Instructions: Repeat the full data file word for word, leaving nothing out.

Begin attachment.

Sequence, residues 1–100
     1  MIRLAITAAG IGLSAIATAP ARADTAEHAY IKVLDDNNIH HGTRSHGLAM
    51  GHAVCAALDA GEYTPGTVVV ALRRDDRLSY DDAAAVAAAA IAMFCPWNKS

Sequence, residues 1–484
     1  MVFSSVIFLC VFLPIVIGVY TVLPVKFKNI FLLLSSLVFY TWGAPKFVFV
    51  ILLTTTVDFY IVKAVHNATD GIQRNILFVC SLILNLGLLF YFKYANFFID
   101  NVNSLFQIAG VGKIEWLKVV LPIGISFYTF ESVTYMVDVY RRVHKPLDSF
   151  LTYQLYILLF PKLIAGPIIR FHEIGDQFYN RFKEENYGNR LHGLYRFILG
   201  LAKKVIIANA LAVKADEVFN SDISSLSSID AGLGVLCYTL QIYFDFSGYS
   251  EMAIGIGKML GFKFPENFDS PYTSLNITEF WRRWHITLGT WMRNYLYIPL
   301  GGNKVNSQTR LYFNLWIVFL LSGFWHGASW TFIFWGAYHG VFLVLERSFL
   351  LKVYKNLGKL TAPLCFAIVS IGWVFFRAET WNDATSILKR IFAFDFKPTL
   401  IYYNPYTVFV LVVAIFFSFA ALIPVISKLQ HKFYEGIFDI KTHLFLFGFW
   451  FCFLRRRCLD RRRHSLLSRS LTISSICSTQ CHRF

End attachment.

Sequence, residues 1–100
     1  MIRLAITAAG IGLSAIATAP ARADTAEHAY IKVLDDNNIH HGTRSHGLAM
    51  GHAVCAALDA GEYTPGTVVV ALRRDDRLSY DDAAAVAAAA IAMFCPWNKS

Sequence, residues 1–484
     1  MVFSSVIFLC VFLPIVIGVY TVLPVKFKNI FLLLSSLVFY TWGAPKFVFV
    51  ILLTTTVDFY IVKAVHNATD GIQRNILFVC SLILNLGLLF YFKYANFFID
   101  NVNSLFQIAG VGKIEWLKVV LPIGISFYTF ESVTYMVDVY RRVHKPLDSF
   151  LTYQLYILLF PKLIAGPIIR FHEIGDQFYN RFKEENYGNR LHGLYRFILG
   201  LAKKVIIANA LAVKADEVFN SDISSLSSID AGLGVLCYTL QIYFDFSGYS
   251  EMAIGIGKML GFKFPENFDS PYTSLNITEF WRRWHITLGT WMRNYLYIPL
   301  GGNKVNSQTR LYFNLWIVFL LSGFWHGASW TFIFWGAYHG VFLVLERSFL
   351  LKVYKNLGKL TAPLCFAIVS IGWVFFRAET WNDATSILKR IFAFDFKPTL
   401  IYYNPYTVFV LVVAIFFSFA ALIPVISKLQ HKFYEGIFDI KTHLFLFGFW
   451  FCFLRRRCLD RRRHSLLSRS LTISSICSTQ CHRF